Busisiwe Ndlela was radiant when I met her yesterday. Just this month, and with money she earned selling tiny trees, she has bought a new cupboard and an electric stove and she is proud as can be.
I met this 60-year old mother of seven on the outskirts of Durban, South Africa where she and hundreds of other women are helping to transform their communities and the landscape around them, one seed at a time.
Welcome to the Buffelsdraai landfill site, operated by the eThekwini (Durban) municipality. Under law there must be a buffer zone between it and local residents, and until recently this was occupied by fields of sugar cane.
“Sugar cane did nothing for us,” says Busisiwe when I ask her about life before the tree-planting project began. “It was for them [white farmers], not us.”
This all changed in 2008, when the municipality began to work with local people to turn this 800-hectare area into a mosaic of native grasses and rich forest, to help offset the carbon emissions associated with South Africa’s hosting of the 2010 World Cup.
As the new trees mature over the next 20 years, they will absorb 48,000 tonnes of carbon dioxide — about the same amount produced by 25,000 passengers flying from Northern Europe to South Africa and back again.
As well as helping to limit climate change, the project aims to protect wild nature, improve water quality downstream and create new livelihoods for poor local communities.
It is a simple idea, and it revolves around jobless local people like Busisiwe becoming ‘tree-preneurs’.
First, they collect seeds of native tree species and then they plant them at home in old bottles, plastic bags and other containers. Once the trees reach a certain height the tree-preneurs can sell them to the municipality, which then grows them up a bit more in a nursery before planting them in the buffer zone.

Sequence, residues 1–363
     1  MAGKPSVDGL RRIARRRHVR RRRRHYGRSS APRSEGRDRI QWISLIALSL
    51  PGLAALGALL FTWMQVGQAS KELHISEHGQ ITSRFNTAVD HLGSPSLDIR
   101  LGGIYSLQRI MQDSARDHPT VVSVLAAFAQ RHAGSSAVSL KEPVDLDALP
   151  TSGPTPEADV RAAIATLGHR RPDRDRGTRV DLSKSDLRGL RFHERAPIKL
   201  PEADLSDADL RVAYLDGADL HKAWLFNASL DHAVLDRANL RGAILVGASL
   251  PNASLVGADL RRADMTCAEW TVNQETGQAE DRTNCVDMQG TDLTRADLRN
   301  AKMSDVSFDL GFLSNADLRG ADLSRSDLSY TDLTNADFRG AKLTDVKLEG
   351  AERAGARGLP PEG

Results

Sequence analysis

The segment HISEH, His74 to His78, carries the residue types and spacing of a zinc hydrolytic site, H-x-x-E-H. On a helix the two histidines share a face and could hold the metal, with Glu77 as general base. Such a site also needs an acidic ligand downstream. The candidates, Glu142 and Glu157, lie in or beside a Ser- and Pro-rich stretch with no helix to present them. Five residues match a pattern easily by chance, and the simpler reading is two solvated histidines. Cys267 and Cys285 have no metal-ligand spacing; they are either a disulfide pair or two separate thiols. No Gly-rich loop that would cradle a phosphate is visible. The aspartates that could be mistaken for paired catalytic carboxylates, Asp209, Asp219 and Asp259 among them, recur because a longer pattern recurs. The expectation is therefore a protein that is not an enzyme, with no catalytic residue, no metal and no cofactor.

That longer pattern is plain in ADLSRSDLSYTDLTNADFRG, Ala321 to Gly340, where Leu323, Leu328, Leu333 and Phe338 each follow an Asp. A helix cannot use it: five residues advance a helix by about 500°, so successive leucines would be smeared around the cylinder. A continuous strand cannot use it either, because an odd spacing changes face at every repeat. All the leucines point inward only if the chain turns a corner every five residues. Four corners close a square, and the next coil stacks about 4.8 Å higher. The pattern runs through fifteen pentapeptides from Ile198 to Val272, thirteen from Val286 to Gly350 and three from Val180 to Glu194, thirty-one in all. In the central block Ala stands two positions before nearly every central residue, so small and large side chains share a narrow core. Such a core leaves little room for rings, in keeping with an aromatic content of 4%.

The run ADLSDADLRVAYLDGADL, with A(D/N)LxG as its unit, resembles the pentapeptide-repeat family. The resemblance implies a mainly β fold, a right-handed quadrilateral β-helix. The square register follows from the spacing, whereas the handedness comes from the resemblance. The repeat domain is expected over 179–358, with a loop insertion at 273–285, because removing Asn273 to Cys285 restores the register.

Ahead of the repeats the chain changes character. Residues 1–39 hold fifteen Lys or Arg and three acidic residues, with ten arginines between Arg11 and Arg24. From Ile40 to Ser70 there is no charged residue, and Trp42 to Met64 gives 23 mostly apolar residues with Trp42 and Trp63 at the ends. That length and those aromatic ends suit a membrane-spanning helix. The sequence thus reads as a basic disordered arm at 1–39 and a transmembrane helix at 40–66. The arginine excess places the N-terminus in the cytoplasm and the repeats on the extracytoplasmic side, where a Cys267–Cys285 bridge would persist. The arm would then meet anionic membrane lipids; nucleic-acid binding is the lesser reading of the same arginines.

So far more than 600 people have got involved — 80 percent of them women — and they have sold a quarter of a million baby trees, including acacias and several species of wild fig trees.
A 30-centimetre tall tree is worth five rand but if a tree-preneur tends it a little longer and it reaches a metre in height, she can sell it for ten rand (US$1.25). In reality, this is a cashless project. Instead the tree-preneurs receive vouchers that they can exchange for things like food, building materials and school fees for their children’s education.
Since 2008, Busisiwe has sold about 1,200 trees and — depending on their height — this will have earned her vouchers worth between US$750 and US$1500. In a part of the world with 80 percent unemployment, few opportunities and a minimum wage of under a dollar an hour, this income is not to be sniffed at.
The star seed planter though is Ningi Gcabashe. She has sold 15,000 trees to the project and now works as a facilitator, teaching other members of the community about native tree species and how to grow them from seed.
“When the project came to Buffelsdraai, I never realised it would help the community,” said Ningi yesterday, before explaining that she has been able to build a new home using bricks she bought with vouchers from the trees.
“My life improved,” she said. “Before the project I never touched a car. Now I have paid for driving lessons.”
Today she manages the Trees for Life programme of the Wildlands Conservation Trust, the organisation that runs the reforestation at Buffelsdraai. This is just one of several full-time jobs the project has created.
There is temporary work too, especially at this rainy time of year when around 60 communities members are paid to plant trees.
And in a couple of years when the job is complete and 500 hectares of forest have been replanted, new opportunities will spring up.
“After the canopy is planted there will be enrichment plantings, i.e. planting in the understory to increase the biodiversity in the forest,” says Sean O’Donoghue of the eThekwini municipality’s environmental planning and climate protection department.
“Thereafter we’re hoping to create jobs with regards maintaining the forest,” he says. “There will also be waste-preneur opportunities — collection of recyclable waste and selling back to us. And we hope to stimulate eco-tourism in the buffer zone, for example mountain bike tracks.”
The idea is that these activities can form the basis of sustainable businesses and long-term employment for the surrounding communities.
In time, the forest can bring many new benefits but women like Busisiwe and Ningi are already gaining from the greening. “People did not believe,” says Ningi. “Now they do.”